Angst? What Angst?: In her introduction, Hinata is manipulated by her father, who uses her desire for his love to do so, into becoming a serial killer, betraying her new friends, having her closest friend almost die, and then having herself almost die, only for her father to then reveal he was lying to her the whole time, after which he is promptly shot dead.None of this is ever referenced again, and Hinata carries on as a normal girl who shows no sign of stress or trauma from that experience.
Broken Base: The English dub voices of Yukiteru and Yuno. Some fans think their English voices are terrible and don't fit their characters, other fans think that not only does the English voices perfectly fit their characters but also makes it a refreshing change of pace from the high-pitched girly voice and shy, insecure, young boy voice that have been overused a lot in anime.
Complete Monster: Funatsu, though a minor villain, caused one of the most horrific events of the series. Once a member of a peaceful cult based around a young girl, Tsubaki Kasugano, who allegedly had prophetic powers. Funatsu killed her parents when they planned to disband the cult, fearing losing his power. Becoming the de facto head of his reformed cult, Funatsu allowed the members to rape Tsubaki regularly, possibly taking part himself, and drugged her to keep her defenseless against their constant assault. So intense was Funatsu's cruelty to Tsubaki that she went insane and began plotting to destroy the world.
Yomotsu Hirasaka, though that's kind of inevitable for a blind insane Super Sentai parody.
Crosses the Line Twice: Takao Hiyama appears in a flashback in the middle of one chapter... only to take a spear in the back, courtesy of Yuno. Him being an Asshole Victim is probably what makes it so funny in the first place.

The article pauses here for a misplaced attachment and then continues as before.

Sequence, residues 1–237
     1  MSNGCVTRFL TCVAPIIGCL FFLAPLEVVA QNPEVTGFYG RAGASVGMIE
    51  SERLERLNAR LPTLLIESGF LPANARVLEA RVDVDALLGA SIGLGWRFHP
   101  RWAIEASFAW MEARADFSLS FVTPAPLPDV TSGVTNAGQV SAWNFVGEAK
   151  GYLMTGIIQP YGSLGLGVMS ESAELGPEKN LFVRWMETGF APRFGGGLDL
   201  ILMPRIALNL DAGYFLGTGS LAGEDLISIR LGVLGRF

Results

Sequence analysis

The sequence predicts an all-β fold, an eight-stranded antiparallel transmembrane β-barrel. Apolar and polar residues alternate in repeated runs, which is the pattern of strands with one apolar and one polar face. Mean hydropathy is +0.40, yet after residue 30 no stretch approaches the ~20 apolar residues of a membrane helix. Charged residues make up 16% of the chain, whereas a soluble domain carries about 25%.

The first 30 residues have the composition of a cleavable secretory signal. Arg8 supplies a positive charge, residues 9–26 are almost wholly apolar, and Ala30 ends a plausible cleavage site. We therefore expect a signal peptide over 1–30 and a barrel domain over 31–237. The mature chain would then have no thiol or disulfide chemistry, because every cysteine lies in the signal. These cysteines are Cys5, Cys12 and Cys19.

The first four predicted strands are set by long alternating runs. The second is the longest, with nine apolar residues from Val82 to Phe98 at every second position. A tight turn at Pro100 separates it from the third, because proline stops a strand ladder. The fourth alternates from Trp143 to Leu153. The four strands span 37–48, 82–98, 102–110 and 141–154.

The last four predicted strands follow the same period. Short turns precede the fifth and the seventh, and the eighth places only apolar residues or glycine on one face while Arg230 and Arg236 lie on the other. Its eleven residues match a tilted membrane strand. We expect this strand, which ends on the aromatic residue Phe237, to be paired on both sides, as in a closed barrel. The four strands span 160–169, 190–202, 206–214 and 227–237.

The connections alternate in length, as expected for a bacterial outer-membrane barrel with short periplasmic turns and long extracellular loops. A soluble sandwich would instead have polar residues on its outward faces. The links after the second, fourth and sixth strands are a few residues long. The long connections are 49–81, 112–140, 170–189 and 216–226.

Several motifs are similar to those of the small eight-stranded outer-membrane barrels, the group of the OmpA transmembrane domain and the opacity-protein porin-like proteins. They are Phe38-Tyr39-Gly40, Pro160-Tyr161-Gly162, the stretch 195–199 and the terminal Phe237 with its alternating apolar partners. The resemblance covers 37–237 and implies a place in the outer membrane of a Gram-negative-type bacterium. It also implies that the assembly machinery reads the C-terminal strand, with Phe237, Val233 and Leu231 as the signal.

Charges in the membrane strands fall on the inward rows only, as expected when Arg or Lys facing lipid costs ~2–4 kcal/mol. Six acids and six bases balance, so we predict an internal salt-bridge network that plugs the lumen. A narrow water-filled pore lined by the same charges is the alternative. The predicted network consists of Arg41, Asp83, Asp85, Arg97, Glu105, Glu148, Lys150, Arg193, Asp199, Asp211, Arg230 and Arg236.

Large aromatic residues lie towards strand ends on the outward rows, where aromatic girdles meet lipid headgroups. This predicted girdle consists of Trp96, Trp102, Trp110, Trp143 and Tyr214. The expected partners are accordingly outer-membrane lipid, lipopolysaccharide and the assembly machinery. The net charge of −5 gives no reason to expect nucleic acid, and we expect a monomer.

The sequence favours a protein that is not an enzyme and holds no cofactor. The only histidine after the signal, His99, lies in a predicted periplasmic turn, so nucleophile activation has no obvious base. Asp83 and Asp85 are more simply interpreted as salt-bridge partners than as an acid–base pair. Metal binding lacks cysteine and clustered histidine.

Darkness-Induced Audience Apathy: In a similar vein to Elfen Lied, the series has drawn a lot of criticism for its constant barrage of dark backstories for Villain of the Week characters that get killed off at the end of their arcs anyway and the grimdark storytelling exhausting itself after awhile to the point where it's just shock value.
Draco in Leather Pants: The more avid fans of Yuno tend to tone down her more negative and violent qualities in favor of her devotion to Yuki.
Similarly, Minene Uryu has some fans who see her as a hero, selectively ignoring the fact that she's a violent terrorist who will kill anyone, even children, with little remorse.
Die for Our Ship: Both Yuno and Akise are victims of this, though the latter has it more prominently within the fandom. Notably, it actually is in-character for Yunonote the main one from the first world, anyway - her second and third world counterparts, not so much to kill people that come between her and Yukiteru, though it's more often this trope than Murder the Hypotenuse.
Who knew that Rick and Morty would share a plot point with this, of all things? In both, a major character goes into an Alternate Timeline to try and fix a mistake, and ends up killing that timeline's version of themselves to ensure their cover.
The Netflix Death Note film also causes some of this; the changes to the protagonists make them more reminiscent of Yuki and Yuno than of Light and Misa.